The “Governor” Is Coming

I once stated that a County Party Secretary should visit all the villages in the county, a municipal or Prefectural Party Secretary should visit all the districts and townships in the city, and a Provincial Party Secretary should visit all the counties and cities in the province. I did it. When I served as County Party Secretary of Zhengding, I visited all the villages under Zhengding, sometimes even by bike. And when I served as Party Secretary of Fuzhou and Ningde, I traveled to all townships under them. At that time, although there were four towns in Ningde with no access to road transportation, I visited three among them. I did not visit the other because I was transferred to another place and had no chance to pay the visit. There was a town named Xiadang, which for me to get to I had to cut my way through brambles and thistles and travel over mountains and rivers. The Party Secretary of the town led the way for us and cut weeds in our way with a chopper. He said this way was the nearest one, along the river. “‘Governor’ is coming,” the civilians said along the way. They called the Party Secretary “governor,” an appellation of the prefectural governor in ancient China. The civilians welcomed us with barrels of cold drinks made of local herbs and mung bean soup, and they said, “Have a drink. You have had a hard time getting here.” Xiadang Town is under Shouning County, where Feng Menglong, the author of Stories to Enlighten the World, Stories to Warn the World and Stories to Awaken the World, had served as Governor in the Ming Dynasty. He traveled through Shouning throughout the first half-year of his tenure. I thought to myself on the way, if a governor of great talent in the feudal times could overcome untold hardships to get there, should we communists be less competent or conscientious than a feudal official? Arriving there, I saw that the office of the Township Party Committee was set in a reformed bullpen, and it was very small. As you know, galley bridges prevail in South China. In those days, we decorated a bridge as a temporary office by putting several bamboo chairs on it and partitioning it with a simple screen. We had meetings, meals, rests, and baths all on the bridge. Now, Xiadang Town has a totally new look. At that time, I saw several churches there. Who built them? The western missionaries of the eighteenth century. No matter what their purpose was, their sense of mission to missionary work was comparable to the sense of mission of our CPC! When I was Party Secretary of Zhejiang Province, I put forward the strategy of “making full use of eight advantages and implementing eight major measures” for the development of Zhejiang after visiting all the counties, cities, and districts in the province. What does that mean? That means we must have a thorough understanding of the situation and grasp first-hand information. Do not merely wait for someone to collect information for you. We are not infants who need to be fed by others. Nowadays, the means to understand a situation are becoming more and more diversified, including telephone, Weibo, and WeChat. They are all very effective. Thus, we have a better approach to mass work.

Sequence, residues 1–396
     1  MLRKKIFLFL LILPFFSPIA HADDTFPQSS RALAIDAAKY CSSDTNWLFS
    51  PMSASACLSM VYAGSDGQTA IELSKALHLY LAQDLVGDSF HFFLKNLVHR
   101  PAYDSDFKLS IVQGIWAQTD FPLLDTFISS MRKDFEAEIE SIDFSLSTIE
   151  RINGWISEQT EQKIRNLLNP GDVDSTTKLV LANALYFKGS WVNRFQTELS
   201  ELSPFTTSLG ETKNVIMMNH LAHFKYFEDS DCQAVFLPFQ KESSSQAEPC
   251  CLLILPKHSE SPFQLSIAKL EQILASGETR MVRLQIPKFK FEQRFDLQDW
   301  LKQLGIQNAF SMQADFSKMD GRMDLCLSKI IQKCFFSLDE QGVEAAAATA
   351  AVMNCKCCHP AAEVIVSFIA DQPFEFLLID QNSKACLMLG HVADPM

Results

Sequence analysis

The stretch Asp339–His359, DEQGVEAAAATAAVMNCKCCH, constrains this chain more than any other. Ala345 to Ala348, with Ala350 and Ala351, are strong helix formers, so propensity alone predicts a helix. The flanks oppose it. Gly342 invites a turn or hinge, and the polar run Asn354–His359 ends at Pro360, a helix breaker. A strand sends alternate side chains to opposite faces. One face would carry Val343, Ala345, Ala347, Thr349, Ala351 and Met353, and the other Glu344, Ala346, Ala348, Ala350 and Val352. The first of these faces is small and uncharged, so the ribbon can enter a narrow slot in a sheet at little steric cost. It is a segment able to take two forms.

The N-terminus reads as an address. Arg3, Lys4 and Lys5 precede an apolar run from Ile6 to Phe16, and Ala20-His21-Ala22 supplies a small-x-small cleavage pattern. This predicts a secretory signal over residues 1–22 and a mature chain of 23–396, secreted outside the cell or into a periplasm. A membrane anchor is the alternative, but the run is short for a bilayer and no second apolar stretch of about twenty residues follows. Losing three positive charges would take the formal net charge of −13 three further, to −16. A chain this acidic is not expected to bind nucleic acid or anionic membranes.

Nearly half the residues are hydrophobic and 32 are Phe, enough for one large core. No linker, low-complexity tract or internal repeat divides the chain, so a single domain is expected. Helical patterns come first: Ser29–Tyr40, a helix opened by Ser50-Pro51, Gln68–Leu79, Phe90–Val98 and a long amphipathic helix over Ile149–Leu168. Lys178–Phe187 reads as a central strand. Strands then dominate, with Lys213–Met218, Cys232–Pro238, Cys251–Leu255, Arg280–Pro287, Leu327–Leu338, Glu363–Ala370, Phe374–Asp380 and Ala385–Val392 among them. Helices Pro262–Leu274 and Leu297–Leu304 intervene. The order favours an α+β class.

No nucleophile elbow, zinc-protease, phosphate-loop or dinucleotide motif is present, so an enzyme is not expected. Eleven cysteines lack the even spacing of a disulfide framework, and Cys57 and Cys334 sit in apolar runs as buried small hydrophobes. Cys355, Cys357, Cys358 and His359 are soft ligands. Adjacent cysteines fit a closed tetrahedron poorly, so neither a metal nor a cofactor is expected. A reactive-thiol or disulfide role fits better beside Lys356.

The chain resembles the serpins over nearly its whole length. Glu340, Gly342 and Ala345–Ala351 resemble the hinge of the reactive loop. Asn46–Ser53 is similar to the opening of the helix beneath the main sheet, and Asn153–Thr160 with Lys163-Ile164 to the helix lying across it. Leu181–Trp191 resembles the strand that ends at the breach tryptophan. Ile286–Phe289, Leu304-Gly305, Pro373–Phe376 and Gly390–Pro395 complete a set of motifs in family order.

• Speech at the Enlarged Meeting of the Standing Committee of the Lankao County Party Committee of Henan Province (March 18, 2014).


Feng Menglong was an outstanding writer and opera writer in the Ming Dynasty. His Stories to Enlighten the World, Stories to Warn the World and Stories to Awaken the World are praised as classical representatives of the vernacular short stories of ancient China. However, little is known about how he was also an incorruptible official who was diligent in political affairs and loved the people. In 1634, Feng Menglong, who had already reached 60, assumed the post of Governor of Shouning County, Fujian Province. During his 4-year tenure, he earned a fine reputation for “promoting streamlined administration and fair and clear punishment, advocating literature, favoring the people and treating other officials politely.”

At the beginning of his tenure, he conducted a thorough investigation into Shouning to understand the actual situation there. Concerned about agricultural production, he became aware that many fields in Shouning were reclaimed by chiseling stones, and seedlings could be planted once the sandy soil was reclaimed. He knew well that in general, fields will become fertile when they are irrigated by water veins unimpeded; if the water veins are backed up with silt, the fields will turn barren. Upon investigation, he found that although fertilization is necessary for agricultural production, it should be forbidden to produce manure by burning leaves because when people have burned fallen leaves on the mountains in winter, the smog produced would cover certain areas, and the fire could also burn the trees because when they burned the fallen leaves and withered grass on the open ground, they often caused fires. This was first-hand information that he obtained through field investigations.